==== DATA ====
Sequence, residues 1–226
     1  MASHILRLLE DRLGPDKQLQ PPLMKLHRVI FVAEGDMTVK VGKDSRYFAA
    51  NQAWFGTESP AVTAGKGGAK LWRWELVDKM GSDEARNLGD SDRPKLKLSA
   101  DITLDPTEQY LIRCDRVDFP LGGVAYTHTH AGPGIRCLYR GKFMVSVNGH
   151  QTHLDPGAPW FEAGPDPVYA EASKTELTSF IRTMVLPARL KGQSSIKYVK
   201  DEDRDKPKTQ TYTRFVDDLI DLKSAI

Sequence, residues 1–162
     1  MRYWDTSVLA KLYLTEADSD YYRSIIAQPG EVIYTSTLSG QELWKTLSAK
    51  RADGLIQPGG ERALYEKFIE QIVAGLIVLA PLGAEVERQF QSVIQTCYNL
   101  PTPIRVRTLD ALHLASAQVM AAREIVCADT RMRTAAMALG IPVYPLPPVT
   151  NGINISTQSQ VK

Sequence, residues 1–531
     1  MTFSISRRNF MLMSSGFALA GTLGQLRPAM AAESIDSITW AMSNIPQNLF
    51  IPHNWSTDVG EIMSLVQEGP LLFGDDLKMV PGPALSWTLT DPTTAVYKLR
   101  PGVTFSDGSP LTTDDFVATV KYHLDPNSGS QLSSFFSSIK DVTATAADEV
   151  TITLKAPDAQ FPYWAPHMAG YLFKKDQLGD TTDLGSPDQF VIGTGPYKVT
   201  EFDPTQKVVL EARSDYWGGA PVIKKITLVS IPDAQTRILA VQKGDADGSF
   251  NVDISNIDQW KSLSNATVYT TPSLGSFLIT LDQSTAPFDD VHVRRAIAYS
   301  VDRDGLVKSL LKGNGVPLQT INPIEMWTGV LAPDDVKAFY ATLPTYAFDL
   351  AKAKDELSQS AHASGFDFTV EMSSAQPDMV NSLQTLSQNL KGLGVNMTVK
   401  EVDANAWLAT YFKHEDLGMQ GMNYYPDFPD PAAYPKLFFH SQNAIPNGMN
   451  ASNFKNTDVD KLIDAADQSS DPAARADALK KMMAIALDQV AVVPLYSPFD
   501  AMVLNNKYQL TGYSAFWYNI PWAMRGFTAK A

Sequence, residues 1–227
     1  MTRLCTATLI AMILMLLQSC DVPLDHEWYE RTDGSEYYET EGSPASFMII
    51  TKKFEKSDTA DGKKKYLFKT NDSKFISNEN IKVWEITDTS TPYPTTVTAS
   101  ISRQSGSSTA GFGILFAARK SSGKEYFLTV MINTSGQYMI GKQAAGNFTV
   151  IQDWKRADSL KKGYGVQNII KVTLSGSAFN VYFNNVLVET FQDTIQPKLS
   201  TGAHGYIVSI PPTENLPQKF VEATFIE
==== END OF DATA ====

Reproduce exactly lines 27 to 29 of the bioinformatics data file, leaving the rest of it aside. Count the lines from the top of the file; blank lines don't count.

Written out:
   101  ISRQSGSSTA GFGILFAARK SSGKEYFLTV MINTSGQYMI GKQAAGNFTV
   151  IQDWKRADSL KKGYGVQNII KVTLSGSAFN VYFNNVLVET FQDTIQPKLS
   201  TGAHGYIVSI PPTENLPQKF VEATFIE